I was so sad to hear the news about Bill, great musician and a lovely person, an saw Bill & Dad many times at the Corner House and with various bands over the years. The big surprise for me was when Bill and I think his sister, Heather ?? came out to Hong Kong to see me at Ned Kelly's back in 2004. What a surprise and such a wonderful memory to hold. RIP.

Colin Aitchison
Hong Kong


Blog Archive

About this blog - contact details.

Bebop Spoken Here -- Here, being the north-east of England -- centred in the blues heartland of Newcastle and reaching down to the Tees Delta and looking upwards to the Land of the Kilt.
Not a very original title, I know; not even an accurate one as my taste, whilst centred around the music of Bird and Diz, extends in many directions and I listen to everything from King Oliver to Chick Corea and beyond. Not forgetting the Great American Songbook the contents of which has provided the inspiration for much great jazz and quality popular singing for round about a century.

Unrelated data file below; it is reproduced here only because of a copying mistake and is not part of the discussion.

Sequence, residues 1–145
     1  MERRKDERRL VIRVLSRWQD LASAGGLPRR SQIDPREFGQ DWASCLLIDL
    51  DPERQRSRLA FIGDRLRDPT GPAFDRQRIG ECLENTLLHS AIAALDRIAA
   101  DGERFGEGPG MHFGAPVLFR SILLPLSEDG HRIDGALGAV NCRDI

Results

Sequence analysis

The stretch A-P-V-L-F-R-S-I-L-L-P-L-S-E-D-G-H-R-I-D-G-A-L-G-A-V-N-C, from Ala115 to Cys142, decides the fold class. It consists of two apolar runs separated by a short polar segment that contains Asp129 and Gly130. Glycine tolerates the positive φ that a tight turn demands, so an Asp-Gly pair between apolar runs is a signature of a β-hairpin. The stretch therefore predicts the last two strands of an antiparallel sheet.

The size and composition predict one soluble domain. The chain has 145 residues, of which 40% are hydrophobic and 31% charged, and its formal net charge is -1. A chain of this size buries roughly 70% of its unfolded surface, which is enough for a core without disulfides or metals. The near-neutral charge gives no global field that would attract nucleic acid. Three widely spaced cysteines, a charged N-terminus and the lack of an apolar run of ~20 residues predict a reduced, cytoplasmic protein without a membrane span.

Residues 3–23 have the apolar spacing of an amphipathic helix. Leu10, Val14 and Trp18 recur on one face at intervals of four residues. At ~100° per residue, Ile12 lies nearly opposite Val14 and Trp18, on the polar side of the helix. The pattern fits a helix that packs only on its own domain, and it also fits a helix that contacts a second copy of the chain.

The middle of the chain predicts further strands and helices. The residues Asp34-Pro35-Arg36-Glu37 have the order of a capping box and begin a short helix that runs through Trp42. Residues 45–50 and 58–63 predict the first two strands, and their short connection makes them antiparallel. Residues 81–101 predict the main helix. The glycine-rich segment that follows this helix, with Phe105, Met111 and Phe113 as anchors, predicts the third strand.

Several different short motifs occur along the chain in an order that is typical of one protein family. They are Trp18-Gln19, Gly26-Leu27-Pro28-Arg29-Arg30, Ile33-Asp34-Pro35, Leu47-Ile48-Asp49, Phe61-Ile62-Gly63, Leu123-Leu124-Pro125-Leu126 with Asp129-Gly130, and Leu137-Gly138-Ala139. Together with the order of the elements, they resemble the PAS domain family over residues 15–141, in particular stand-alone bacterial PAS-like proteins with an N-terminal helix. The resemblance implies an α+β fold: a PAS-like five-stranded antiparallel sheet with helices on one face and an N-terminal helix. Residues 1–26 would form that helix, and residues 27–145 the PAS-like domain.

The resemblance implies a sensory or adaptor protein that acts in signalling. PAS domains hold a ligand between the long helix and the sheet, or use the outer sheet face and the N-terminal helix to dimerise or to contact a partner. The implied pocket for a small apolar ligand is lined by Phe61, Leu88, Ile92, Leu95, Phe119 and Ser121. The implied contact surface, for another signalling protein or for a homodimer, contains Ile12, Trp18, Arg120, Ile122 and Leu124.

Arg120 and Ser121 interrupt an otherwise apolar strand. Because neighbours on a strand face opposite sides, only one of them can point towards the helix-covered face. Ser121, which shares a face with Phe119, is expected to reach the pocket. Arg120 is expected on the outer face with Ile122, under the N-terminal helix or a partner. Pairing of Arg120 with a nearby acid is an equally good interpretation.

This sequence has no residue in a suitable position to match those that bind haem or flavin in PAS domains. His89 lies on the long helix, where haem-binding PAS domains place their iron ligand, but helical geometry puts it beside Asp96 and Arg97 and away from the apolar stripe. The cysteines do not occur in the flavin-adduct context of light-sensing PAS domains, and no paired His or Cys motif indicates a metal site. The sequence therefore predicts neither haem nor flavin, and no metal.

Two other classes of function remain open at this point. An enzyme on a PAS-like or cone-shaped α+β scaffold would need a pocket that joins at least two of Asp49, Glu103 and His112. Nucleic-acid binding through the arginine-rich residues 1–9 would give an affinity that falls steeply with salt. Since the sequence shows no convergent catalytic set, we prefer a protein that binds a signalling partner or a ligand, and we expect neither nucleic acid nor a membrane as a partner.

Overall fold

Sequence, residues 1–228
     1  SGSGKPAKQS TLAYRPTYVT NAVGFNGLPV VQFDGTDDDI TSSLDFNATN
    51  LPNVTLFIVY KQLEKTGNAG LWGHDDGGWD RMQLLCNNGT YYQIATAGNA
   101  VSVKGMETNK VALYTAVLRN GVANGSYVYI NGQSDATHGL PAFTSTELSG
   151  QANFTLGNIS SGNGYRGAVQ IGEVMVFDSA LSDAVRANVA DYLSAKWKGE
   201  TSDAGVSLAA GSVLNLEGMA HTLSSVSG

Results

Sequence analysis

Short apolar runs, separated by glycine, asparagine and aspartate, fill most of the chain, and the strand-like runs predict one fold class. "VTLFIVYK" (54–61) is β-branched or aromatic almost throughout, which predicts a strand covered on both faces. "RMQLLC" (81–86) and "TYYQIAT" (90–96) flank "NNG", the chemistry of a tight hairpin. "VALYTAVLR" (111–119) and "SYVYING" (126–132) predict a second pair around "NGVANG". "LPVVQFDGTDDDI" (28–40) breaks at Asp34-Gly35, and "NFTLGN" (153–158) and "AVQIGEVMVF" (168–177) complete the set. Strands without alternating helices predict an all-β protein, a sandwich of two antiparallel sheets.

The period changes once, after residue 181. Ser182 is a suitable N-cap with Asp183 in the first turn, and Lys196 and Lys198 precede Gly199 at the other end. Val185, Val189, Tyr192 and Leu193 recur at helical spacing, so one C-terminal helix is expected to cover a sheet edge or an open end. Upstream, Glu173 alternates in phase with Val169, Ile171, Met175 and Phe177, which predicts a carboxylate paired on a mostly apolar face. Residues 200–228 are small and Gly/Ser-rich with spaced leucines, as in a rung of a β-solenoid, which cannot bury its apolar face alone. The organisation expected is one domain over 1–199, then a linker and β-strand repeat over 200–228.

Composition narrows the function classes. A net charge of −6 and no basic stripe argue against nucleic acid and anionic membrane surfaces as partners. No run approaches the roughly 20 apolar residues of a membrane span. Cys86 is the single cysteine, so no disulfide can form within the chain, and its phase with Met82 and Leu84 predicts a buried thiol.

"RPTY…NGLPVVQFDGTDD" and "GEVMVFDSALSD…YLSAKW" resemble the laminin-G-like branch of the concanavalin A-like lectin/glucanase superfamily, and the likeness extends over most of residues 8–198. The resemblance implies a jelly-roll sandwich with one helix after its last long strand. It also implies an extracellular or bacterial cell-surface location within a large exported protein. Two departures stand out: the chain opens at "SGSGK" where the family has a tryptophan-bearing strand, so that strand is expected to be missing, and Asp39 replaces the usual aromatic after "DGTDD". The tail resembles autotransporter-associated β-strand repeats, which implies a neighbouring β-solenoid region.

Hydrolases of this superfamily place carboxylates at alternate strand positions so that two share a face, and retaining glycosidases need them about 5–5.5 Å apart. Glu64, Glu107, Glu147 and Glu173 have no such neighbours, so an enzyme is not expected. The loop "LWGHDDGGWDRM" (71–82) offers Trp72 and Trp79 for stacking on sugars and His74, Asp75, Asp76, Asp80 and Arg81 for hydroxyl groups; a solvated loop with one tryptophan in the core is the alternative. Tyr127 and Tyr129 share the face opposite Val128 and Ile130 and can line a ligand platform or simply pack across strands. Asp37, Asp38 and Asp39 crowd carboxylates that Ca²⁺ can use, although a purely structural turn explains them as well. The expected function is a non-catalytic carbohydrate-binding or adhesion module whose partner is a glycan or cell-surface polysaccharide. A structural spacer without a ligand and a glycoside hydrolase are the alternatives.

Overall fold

The idea of this blog is for you to share your thoughts and pass on your comments on discs, gigs, jazz - music in general. If you've been to a gig/concert or heard a CD that knocked you sideways please share your views with us. Tell us about your favourites, your memories, your dislikes.
Lance (Who wishes it to be known that he is not responsible for postings other than his own and that he's not always responsible for them.)
Contact: lanceliddle@gmail.com I look forward to hearing from you.

Submissions for review

Whilst we appreciate the many emails, texts, messages and other communications we receive requesting album/gig reviews on BSH, regrettably, we are unable to reply to all of them other than those we are able to answer with a positive response.
Similarly, CDs received by post will only be considered if accompanied by sufficient background material.
Finally, bear in mind that this is a jazz-based site when submitting your album.
Lance